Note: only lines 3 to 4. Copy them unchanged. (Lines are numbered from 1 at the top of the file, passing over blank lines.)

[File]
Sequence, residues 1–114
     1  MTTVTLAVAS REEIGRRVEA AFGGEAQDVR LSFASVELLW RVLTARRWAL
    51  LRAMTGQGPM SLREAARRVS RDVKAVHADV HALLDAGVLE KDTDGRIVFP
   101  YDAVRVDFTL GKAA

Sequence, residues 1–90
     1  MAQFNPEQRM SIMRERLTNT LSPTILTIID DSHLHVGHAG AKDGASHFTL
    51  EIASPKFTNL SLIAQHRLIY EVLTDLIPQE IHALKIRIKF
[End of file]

    51  LRAMTGQGPM SLREAARRVS RDVKAVHADV HALLDAGVLE KDTDGRIVFP
   101  YDAVRVDFTL GKAA